Basic Facts of Recreational Vessel
Population and Recreational Boating
Recreational boating has a $72 billion annual economic impact. The vast majority of recreational boats sold are small, inexpensive pleasure craft. The overwhelming majority of recreational boaters are middle-class Americans; 77% of boat owners have a household income of less than $100,000 a year. Boats less than 27 feet make up 96 percent of the 12.4 million registered boats in the U.S. and are leading the industry out of the recession.
Boater Demographic Facts & Boat Usage Facts
Boating is Popular. In 2011, boating participation increased ten percent to 83 million –the largest proportion of adults (34.8 percent) who went boating since 1997(35.8 percent).
Boaters are Middle Class. More than 3 out of 4—77 percent—current boat owners have an average household income of less than $100,000. Sixty-three percent of current boat owners earn less than $75,000 per year.
Recreational Boating is Seasonal. Boat owners spent an average of 31 days on the water in 2011, up 11% from 28 days in 2010.
Most Boats are Small. Of the 12.4 million registered boats in the U.S., 95% are small, trailerable boats. In 2011, nearly 7 out of 10 (68%) boat owners owned a 14' to 29' boat. The share of boats over 30’ long reported as being “heavily used” in 2011 dropped from 34% in 2010 to 26% in 2011, while the share of those under 13’ reported as being “heavily used” rose from 16%.
Economic Impact Facts
Boating is Important to the Economy. Recreational boating is an important contributor to the U.S. economy, employing 348,000 Americans who earn $10.4 billion annually. Boating generates $32.3 billion in sales and services in 2011, a six percent increase percent from 2010.
Recreational Boating –Made in America. 83% of powerboats made in the U.S. are sold in the U.S.; And in 2011, exports increased 10% totaling $2.2 billion.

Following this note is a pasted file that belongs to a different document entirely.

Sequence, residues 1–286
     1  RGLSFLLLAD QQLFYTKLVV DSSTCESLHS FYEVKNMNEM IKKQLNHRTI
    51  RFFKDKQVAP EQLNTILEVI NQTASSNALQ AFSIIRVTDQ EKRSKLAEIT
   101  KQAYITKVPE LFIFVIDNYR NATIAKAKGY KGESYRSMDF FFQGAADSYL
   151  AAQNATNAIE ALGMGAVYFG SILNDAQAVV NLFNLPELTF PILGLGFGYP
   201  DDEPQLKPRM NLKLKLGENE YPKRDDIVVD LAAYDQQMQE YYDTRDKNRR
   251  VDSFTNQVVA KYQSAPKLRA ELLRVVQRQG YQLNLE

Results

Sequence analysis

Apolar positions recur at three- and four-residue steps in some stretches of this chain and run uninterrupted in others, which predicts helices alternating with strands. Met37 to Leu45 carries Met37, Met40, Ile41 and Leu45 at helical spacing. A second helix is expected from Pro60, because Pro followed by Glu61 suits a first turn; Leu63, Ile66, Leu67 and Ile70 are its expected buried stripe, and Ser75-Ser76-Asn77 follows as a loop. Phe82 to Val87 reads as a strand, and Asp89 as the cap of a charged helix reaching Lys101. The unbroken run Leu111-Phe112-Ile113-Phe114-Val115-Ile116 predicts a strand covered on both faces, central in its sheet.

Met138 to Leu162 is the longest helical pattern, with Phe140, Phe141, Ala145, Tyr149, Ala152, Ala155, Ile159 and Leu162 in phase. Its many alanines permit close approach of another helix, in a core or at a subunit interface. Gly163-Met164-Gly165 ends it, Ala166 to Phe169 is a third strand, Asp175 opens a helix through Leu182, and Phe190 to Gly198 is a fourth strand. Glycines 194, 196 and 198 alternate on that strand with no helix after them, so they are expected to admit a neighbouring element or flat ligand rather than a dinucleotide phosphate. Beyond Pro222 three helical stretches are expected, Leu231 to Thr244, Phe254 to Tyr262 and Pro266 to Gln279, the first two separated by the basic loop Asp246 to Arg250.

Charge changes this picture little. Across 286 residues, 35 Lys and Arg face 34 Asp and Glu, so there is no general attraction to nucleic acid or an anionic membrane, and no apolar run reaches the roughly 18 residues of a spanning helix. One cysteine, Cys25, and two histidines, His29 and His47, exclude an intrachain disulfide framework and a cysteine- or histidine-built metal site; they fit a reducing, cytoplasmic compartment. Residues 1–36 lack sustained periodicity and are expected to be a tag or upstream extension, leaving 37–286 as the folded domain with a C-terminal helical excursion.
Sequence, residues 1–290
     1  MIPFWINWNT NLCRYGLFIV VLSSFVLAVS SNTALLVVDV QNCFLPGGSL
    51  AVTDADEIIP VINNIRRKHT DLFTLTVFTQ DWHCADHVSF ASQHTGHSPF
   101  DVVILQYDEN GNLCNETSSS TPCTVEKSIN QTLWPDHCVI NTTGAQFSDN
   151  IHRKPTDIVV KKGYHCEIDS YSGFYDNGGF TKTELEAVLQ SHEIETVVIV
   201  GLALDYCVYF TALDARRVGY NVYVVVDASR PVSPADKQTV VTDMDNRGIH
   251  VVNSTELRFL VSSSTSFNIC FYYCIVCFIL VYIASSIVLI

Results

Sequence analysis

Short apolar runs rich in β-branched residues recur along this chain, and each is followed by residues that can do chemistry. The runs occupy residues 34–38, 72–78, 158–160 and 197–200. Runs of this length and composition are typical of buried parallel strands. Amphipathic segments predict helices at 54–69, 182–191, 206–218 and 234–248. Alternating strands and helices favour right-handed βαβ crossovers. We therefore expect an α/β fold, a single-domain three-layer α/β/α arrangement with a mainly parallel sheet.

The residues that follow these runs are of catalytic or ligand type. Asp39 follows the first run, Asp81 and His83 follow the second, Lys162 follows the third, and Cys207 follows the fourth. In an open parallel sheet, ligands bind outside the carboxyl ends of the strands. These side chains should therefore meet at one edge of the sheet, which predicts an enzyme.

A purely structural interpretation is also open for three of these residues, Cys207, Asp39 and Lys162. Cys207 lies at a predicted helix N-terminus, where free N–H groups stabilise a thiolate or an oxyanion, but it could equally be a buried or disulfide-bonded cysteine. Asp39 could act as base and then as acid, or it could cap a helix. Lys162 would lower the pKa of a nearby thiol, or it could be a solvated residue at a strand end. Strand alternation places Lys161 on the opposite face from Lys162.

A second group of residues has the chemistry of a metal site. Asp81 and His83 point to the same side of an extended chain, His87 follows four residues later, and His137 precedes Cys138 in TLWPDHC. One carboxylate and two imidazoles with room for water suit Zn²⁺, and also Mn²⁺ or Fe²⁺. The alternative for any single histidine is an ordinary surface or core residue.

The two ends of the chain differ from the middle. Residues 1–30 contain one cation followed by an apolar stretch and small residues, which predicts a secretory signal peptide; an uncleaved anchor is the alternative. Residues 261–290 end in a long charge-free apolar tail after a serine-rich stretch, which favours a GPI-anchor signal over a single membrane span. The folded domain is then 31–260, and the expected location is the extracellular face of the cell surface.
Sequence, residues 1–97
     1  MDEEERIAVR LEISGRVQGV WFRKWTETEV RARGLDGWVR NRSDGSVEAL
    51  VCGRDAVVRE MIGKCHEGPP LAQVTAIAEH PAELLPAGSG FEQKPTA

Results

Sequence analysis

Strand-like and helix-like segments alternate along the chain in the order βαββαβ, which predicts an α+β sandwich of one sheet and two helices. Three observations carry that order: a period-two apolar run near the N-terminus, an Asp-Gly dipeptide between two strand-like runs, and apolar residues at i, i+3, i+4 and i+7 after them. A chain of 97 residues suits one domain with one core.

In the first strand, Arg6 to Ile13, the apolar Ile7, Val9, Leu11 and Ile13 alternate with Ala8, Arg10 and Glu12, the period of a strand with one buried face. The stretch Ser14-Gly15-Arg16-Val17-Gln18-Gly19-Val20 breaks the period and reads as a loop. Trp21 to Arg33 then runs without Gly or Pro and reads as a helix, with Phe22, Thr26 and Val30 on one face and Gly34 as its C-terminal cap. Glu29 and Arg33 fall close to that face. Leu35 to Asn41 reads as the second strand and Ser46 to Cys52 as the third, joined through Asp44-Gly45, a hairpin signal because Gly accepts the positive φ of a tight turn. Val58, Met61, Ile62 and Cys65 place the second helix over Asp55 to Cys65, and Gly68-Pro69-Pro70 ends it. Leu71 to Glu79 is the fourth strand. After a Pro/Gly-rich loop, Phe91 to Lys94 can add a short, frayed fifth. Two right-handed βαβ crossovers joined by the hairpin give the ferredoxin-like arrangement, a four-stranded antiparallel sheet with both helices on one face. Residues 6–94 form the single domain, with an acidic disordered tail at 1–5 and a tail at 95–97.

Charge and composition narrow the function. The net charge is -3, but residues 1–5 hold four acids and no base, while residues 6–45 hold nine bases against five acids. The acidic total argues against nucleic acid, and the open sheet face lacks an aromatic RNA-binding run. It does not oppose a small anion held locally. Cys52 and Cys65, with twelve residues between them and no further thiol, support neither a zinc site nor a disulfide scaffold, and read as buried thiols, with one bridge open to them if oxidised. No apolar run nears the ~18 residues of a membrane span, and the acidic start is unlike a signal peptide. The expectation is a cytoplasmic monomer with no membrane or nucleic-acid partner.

Boater Spending is Substantial. The U.S. recreational boating industry is seeing the tide turn; New power boat sales increased an estimated 10 percent in 2012, the first time there’s been growth since before the recession.
Boating Means Jobs. In 2007, recreational boating directly and indirectly impacted 337,758 jobs with a labor income of $10.4 billion. Nearly 19,000 boating businesses employ more than 154,000 U.S. workers.
Boating Means Economic Growth. Early indications are showing the industry will see additional growth in 2013 by as much as 5-10 percent. Growth in 2013 will depend on continued improvements in economic conditions that impact recreational boating—namely consumer confidence and the housing market—and sustained interest in Americans’ participation in outdoor recreation.
Last updated March 2013
Facts & Figures
Recreational boating by the numbers ...
- Total recreational marine expenditures reached an 8-year high of $35.9 billion in 2015, up 2.2% from 2014.
- An estimated 238,000 new powerboats were sold in 2015, an increase of 8.5 percent compared to 2014.
- Annual U.S. retail sales of new boats, marine engines and marine accessories totaled $17.4 billion in 2015, an increase of 6.9 percent.
- Americans are taking to the water: 35.7% of the U.S. adult population – 87.3 million Americans – participated in recreational boating at least once in 2014.
- Boats are made in America: 95 percent of powerboats sold in the U.S. are made in the U.S.
- There were an estimated 11.9 million registered boats in the U.S. in 2015.
- 95% of boats on the water (powerboats, personal watercraft, and sailboats) in the U.S. are small in size at less than 26 feet—boats that can be trailered by a vehicle to local waterways.
- It’s not just new boats Americans are buying; there were an estimated 958,000 pre-owned boats (powerboats, personal watercraft, and sailboats) sold in 2015, an increase of 1.9 percent.
- Boating is primarily a middle-class lifestyle as 71.5% of American boat owners have a household income less than $100,000.
Source: National Marine Manufacturers Association, 2014 and 2015 U.S. Recreational Boating Statistical Abstracts